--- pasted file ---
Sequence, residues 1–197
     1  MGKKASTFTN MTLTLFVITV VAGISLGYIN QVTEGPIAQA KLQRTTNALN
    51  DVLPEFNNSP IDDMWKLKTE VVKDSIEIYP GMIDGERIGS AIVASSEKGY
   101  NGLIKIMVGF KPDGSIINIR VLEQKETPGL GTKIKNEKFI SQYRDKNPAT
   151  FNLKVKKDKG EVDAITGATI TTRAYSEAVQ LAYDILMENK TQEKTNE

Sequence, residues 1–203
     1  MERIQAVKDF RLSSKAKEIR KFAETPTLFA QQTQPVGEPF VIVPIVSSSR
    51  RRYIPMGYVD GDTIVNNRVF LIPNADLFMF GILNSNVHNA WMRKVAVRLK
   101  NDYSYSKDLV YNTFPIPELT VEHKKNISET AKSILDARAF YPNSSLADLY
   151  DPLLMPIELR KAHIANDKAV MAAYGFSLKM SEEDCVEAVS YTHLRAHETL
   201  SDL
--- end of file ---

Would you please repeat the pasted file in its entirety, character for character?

Sequence, residues 1–197
     1  MGKKASTFTN MTLTLFVITV VAGISLGYIN QVTEGPIAQA KLQRTTNALN
    51  DVLPEFNNSP IDDMWKLKTE VVKDSIEIYP GMIDGERIGS AIVASSEKGY
   101  NGLIKIMVGF KPDGSIINIR VLEQKETPGL GTKIKNEKFI SQYRDKNPAT
   151  FNLKVKKDKG EVDAITGATI TTRAYSEAVQ LAYDILMENK TQEKTNE

Sequence, residues 1–203
     1  MERIQAVKDF RLSSKAKEIR KFAETPTLFA QQTQPVGEPF VIVPIVSSSR
    51  RRYIPMGYVD GDTIVNNRVF LIPNADLFMF GILNSNVHNA WMRKVAVRLK
   101  NDYSYSKDLV YNTFPIPELT VEHKKNISET AKSILDARAF YPNSSLADLY
   151  DPLLMPIELR KAHIANDKAV MAAYGFSLKM SEEDCVEAVS YTHLRAHETL
   201  SDL